The Mass, as might be expected with so many singers present, was a celebration full of music, from the plainchant Gloria, through the singing of the psalm, gospel acclamation and dialogue Creed, the Sanctus, memorial acclamation and Agnus Dei, to what has become known as the Glasgow Anthem (Let Glasgow Flourish) and the song written by Frank O’Hagan for the Commonwealth Games (The Commonwealth for the Common Good), as well as motets such as the Mozart Ave Verum and the Scarlatti Exultate.
When the Mass ended, there was a lovely feeling of warmth friendship and celebration, very fitting for such a wonderful sporting occasion.
The following day a small group of the St. Mungo Singers took part in the event at Cathcart Old Parish Church. They were not sure what this was to be and were a little taken aback when they found out that it was a concert, not a service, and they were part of a line-up which included the Glasgow Youth Choir (Junior Section), members of the Scottish Police Pipe Band, members of the MECTIS choir, a classical pianist and many others!
One thing was certain. The choir’s selection of music would be quite different from anyone else’s. It ranged from the Orlando Gibbons/James Quinn “Love is of God”, through the Scottish liturgical pieces Celtic Invocation (Noel S Donnelly) and John Bell’s “God to Enfold You”, to an African hymn (Jesu, Tawa Pano by Patrick Matakenyiri) and concluding with the Glasgow Anthem “Let Glasgow Flourish” and Frank O’Hagan’s hymn for the Commonwealth Games “The Commonwealth for the Common Good”.
We were not sure what the audience expected but they seemed to appreciate our “something different”, and we appreciated the chance to listen to the others taking part – and the homebaking and snacks provided at the interval.
There were a host of events going on in Glasgow in addition to the official celebrations – local church celebrations, events linked to aspects of the Games etc.
In the southside, Kinning Park Parish hosted a Commonweath Games Garden Party on 26th July as a finale to the passing of a Prayer Baton round parishes in the area. The parishioners from the churches involved were fortunate that the weather was dry and warm enough to sit out in the parking area opposite the church. They enjoyed music and barbequed hot dogs, as well as lots of home baking. Some of the braver souls got up to dance, to the undoubted fascination of passing motorists and pedestrians.
The celebration ended with a short service, presided over by Kinning Park minister Rev Marnie Johnston, with music, scripture readings and prayers for all involved in the Games.
St Anne’s Dennistoun was the venue for a service of a different kind on 21 July – a Just Prayer service for Victims of Human Trafficking. The organiser, Marie Cooke, is a member of the Archdiocesan Justice & Peace Commission and also a part of the More Than Gold team with specific responsibility for the social justice aspect of the team’s work.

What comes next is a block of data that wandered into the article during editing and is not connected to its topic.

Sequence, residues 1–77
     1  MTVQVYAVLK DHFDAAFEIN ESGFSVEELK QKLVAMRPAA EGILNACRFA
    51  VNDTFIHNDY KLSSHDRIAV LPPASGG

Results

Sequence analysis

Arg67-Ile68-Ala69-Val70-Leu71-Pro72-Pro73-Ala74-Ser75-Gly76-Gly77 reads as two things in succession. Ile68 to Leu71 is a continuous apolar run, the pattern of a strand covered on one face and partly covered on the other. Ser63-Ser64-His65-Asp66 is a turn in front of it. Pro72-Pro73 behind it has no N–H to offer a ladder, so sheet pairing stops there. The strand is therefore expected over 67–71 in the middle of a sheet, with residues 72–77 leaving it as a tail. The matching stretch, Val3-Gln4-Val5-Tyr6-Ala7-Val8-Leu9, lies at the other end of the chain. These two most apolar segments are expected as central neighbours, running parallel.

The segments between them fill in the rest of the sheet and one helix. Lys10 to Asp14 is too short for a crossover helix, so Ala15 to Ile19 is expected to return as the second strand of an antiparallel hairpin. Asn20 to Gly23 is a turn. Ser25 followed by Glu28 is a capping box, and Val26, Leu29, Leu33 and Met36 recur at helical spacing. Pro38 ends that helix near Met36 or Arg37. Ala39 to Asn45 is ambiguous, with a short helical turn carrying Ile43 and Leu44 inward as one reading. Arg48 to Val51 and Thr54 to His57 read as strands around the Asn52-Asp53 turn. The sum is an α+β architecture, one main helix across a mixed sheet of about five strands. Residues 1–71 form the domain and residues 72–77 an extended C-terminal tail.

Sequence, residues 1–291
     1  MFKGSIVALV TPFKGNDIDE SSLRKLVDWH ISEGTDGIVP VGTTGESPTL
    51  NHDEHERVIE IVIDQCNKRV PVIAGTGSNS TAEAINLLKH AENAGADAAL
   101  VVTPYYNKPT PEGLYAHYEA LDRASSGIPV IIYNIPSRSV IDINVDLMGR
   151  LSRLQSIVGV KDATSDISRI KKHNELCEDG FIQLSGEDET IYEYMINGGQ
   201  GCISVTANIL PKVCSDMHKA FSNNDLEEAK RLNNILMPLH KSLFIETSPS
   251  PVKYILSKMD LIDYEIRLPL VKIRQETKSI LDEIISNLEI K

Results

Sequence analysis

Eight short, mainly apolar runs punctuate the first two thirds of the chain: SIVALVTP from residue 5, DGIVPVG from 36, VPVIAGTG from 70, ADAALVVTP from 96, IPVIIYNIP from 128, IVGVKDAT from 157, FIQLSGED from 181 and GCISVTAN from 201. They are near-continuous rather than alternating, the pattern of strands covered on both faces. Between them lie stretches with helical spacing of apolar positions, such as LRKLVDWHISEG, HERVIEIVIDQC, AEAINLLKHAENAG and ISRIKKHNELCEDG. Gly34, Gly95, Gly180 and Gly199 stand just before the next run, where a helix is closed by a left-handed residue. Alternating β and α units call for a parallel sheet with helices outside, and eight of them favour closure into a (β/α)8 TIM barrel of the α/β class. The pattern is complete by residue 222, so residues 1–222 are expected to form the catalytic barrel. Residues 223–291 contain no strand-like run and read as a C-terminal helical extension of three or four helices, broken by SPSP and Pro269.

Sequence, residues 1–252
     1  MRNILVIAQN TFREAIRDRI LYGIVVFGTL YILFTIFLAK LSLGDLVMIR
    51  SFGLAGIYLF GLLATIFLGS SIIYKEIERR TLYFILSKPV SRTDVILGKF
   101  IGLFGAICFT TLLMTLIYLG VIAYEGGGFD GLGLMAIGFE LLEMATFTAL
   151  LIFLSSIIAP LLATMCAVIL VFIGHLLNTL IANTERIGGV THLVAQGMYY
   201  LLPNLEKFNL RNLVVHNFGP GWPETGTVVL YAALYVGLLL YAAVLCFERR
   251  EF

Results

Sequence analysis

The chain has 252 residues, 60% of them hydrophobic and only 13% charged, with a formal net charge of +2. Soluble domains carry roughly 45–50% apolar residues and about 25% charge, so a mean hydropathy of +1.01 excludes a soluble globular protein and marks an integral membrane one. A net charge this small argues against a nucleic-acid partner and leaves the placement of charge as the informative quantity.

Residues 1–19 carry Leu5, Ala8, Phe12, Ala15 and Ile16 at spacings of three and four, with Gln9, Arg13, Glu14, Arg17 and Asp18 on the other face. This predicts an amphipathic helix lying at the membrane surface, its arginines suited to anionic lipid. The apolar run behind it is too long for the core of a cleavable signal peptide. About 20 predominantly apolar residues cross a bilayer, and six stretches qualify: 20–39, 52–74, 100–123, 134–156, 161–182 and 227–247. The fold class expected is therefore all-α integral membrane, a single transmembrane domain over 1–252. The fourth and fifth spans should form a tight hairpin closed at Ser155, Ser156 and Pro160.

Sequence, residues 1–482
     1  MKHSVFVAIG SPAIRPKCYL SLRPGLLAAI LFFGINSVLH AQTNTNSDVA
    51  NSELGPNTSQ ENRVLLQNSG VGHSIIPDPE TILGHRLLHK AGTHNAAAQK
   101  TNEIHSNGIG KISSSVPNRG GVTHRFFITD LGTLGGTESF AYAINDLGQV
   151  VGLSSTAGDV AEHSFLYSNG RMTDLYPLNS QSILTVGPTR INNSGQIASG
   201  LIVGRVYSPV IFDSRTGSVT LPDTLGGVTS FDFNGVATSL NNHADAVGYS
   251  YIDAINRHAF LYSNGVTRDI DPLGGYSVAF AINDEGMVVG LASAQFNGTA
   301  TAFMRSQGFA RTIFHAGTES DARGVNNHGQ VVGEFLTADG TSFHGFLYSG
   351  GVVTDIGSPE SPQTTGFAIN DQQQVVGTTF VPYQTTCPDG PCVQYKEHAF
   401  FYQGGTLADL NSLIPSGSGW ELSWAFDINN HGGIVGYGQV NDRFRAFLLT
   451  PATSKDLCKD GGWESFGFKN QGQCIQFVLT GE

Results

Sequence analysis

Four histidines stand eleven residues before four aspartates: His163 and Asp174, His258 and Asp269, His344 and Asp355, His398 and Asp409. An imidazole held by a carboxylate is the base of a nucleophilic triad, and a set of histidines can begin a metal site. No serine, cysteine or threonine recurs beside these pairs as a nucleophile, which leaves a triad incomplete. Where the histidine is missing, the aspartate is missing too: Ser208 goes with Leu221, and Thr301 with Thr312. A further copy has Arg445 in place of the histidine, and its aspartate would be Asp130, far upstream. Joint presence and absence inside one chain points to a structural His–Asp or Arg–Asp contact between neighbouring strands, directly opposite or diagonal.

Human trafficking has been an area of increasing concern for those involved in social justice. It is the second biggest source of income for organised crime. More Than Gold had arranged to bring up four UN “Gift Boxes” which had been used at the 2012 Olympic Games in London to highlight the issue. The service in St. Anne’s took place on the evening before the launch event for the Gift Boxes.
It was a very affecting service, with a rich mix of scripture readings, psalms, hymns, prayers, stories and information – some of it made uncomfortable but powerful reading and hearing.
The following day, the Gift Boxes were launched at an event in the Square before Glasgow Cathedral which was attended by representatives of the various churches in Glasgow and a number of the volunteers who were to staff the boxes. Passing tourists who had come to visit the Cathedral were somewhat bemused.
They were even more confused when the Salvation Army representative decided it was time to brighten up the event with some Scottish country dancing. This certainly got attention and hopefully the more serious message also got home.
The Gift Boxes were placed in Cathedral Square and Sauchiehall Street. Volunteers braved both the sun and the rain (the local “pound shop” did good business in selling umbrellas to volunteers!) to explain what the boxes were about, to hand out information leaflets and to get signatures on a petition to the Scottish government to strengthen the planned legislation on human trafficking – over 16,500 signatures were obtained
The volunteers also did their bit as ambassadors for Glasgow, giving directions and information to the tourists they met!